The new movie "Moneyball" stars Brad Pitt as the general manager of a Major League Baseball team who is compelled to find a new way to put together a winning team because of his shoestring budget.
Based on the 2003 book by Michael Lewis, "Moneyball: The Art of Winning an Unfair Game," the film follows Pitts character Billy Beane, the Oakland Athletics general manager challenged to field a squad despite his teams limited resources. The book discusses the strategies employed by Beane and Oakland's staff and shows that the team acted on a long-established discrepancy between the player attributes many front offices focused on and the attributes that could most help teams win.
Although the A's never won a championship in this era, Oakland did overcome their payroll disadvantage to make the playoffs each year from 2000-03 at a time when writers, fans, and even the commissioner of the league were all lamenting the inability of smaller-market teams to compete with the big-budget "boogeymen" teams such as the New York Yankees and Boston Red Sox.
The statistical analysis used as the basis for Oaklands decision making was not all original. Much of it was drawn from work by baseball statistician Bill James and others that began at least two decades earlier. This research reexamined the game down to its foundation in an attempt to quantify the true value of the skills that lead to winning in baseball.
The real stars of the book are math -- and those who had the audacity of using it as the basis for baseball decisions.
"For many, many years everybody in the management of a baseball team came from the same group of people," said Michael Fry, a professor of operations and business analytics at the University of Cincinnati. "That promoted a lot of similar types of thinking."
Baseball's obsession with numbers notwithstanding, for decades management left unexamined the idea that perhaps they were not bidding on players based on the best numbers. Oakland found that hitters who walked frequently were inefficiently rewarded -- meaning that they earned less money than they were worth considering what they contributed to winning. This left a pool of players systematically undervalued by baseball teams. Oakland identified them by focusing on a statistic called on-base percentage, which is essentially a hitter's success rate at getting on base.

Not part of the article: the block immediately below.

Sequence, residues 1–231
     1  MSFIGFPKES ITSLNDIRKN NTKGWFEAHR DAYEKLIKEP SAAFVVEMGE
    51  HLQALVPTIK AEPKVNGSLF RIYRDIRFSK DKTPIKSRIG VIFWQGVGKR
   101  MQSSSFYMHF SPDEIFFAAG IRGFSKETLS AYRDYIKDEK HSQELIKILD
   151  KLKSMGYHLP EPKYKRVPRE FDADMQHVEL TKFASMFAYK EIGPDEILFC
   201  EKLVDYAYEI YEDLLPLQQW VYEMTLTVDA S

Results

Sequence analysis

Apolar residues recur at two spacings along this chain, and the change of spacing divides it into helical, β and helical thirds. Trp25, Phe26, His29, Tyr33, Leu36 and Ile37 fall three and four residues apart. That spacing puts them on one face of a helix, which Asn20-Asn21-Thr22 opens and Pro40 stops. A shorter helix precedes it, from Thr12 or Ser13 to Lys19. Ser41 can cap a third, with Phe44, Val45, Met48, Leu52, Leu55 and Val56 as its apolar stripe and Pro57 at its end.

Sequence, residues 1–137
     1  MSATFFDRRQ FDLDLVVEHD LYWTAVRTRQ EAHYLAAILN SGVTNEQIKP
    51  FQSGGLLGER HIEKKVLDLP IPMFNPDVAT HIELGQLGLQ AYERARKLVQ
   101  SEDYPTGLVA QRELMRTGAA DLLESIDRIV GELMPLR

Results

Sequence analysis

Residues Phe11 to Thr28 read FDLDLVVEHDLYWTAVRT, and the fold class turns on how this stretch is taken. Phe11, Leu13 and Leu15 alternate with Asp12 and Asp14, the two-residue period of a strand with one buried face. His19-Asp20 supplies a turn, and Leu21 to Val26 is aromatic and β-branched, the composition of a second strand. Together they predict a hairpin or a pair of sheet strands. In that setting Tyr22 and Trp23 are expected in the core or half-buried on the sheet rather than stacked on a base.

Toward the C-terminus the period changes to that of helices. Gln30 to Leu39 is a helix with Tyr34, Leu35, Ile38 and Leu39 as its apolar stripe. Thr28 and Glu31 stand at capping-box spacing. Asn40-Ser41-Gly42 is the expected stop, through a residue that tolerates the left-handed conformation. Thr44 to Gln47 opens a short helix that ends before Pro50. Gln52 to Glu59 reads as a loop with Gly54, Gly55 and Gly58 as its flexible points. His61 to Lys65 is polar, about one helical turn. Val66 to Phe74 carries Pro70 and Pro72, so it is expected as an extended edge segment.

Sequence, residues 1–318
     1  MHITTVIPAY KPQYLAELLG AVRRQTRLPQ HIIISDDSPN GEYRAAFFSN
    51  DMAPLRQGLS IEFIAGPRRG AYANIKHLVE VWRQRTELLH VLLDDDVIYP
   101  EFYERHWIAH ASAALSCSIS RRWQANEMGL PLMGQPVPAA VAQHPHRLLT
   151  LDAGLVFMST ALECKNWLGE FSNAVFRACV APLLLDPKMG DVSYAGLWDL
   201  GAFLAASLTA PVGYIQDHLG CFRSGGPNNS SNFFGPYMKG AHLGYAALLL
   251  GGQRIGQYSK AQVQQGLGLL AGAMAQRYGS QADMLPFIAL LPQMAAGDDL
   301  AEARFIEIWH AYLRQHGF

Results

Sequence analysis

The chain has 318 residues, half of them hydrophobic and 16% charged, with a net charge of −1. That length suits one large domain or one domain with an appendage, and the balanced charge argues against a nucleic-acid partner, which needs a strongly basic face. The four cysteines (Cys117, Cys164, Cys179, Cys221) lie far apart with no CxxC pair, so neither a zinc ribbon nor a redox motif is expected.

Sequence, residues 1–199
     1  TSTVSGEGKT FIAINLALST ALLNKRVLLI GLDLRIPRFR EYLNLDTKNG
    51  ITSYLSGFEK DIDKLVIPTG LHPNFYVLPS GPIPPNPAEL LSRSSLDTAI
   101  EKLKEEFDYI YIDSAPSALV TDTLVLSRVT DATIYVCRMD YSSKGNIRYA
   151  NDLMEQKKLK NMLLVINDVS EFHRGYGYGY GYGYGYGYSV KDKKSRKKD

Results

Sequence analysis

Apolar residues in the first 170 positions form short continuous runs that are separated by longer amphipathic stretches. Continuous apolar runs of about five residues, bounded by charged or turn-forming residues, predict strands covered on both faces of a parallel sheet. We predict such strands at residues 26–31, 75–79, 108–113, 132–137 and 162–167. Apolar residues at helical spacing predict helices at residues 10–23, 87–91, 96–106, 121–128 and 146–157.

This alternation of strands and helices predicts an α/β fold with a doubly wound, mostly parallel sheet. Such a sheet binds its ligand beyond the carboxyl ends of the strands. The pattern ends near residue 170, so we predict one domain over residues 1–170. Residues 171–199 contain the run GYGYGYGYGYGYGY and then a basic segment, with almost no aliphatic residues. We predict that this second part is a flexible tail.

"The skill of just getting on base and avoiding an out is really important in terms of a team being able to score runs and win," said Raymond Sauer, a professor of economics at Clemson University in South Carolina.
Oakland put a lower premium on qualities such as pure athleticism, batting average, and home run power. They ignored strategies that gave away outs, including sacrifice bunts and stolen-base attempts.
In the late 1990s, Oakland began exploiting this difference to build an offense that scored more runs and helped the team win more games. This provided them with a considerable, but temporary, advantage.
"The surprising thing to me is that it took so long for the innovation to be built into a strategy and exposed," said Sauer. He and Jahn Karl Hakes, an economics professor at Albion College in Michigan, wrote two papers examining the baseball labor market before and after the era of "Moneyball."
The pair found that on-base percentage was under-rewarded all the way back to the 1980s. For some years they found no statistically significant connection between a player's salary and his ability to get on base.
"Were the prices really that out of whack? The answer that I found was, yeah, they were," said Sauer. "Every year [on-base percentage] is robustly, strongly correlated to team winning,"
But very soon after Oakland began using the strategy the rest of baseball had recognized what was happening.
"By the time people started reading Lewis' book the market had already adjusted," said Sauer.
"The minute other teams learn what your strategies are, they adapt and your strategies then become less successful, less attractive," said James Cochran, a professor of quantitative methods at Louisiana Tech University, in Ruston. "It's no different than the stock market."
When rich teams like the Boston Red Sox began adapting similar methods to Oakland, it drove up the price of the previously undervalued players, wiping out the advantage the A's had enjoyed. Oakland hasn't had a winning season since their last playoff appearance in 2006.
Opinions differ as to whether the book properly highlighted the contributions of Oakland's standout starting pitchers during this era -- especially Tim Hudson, Mark Mulder, and Barry Zito.
"I think the book may have not given enough weight to the pitchers," said Sauer. "But everybody knows that if you have a bunch of good pitchers, you're going to win baseball games. That's not news."
"They definitely had an advantage even above the three pitchers they had," said Fry.
Although the book only touches on strategies to identify value in other parts of the game, Oakland might have identified new market inefficiencies. In 2010 they allowed the fewest runs in their league. Despite that, they finished 81-81.
"I don't see [defense] as being enough to take a bottom payroll team to the top like focusing on on-base percentage did for the Oakland A's," said Sauer. "There will be something out there in some sport that somebody figures out; I just don't know what it is offhand."
The success of the movie "Moneyball" may determine if that as-yet-to-be identified story also becomes a film.
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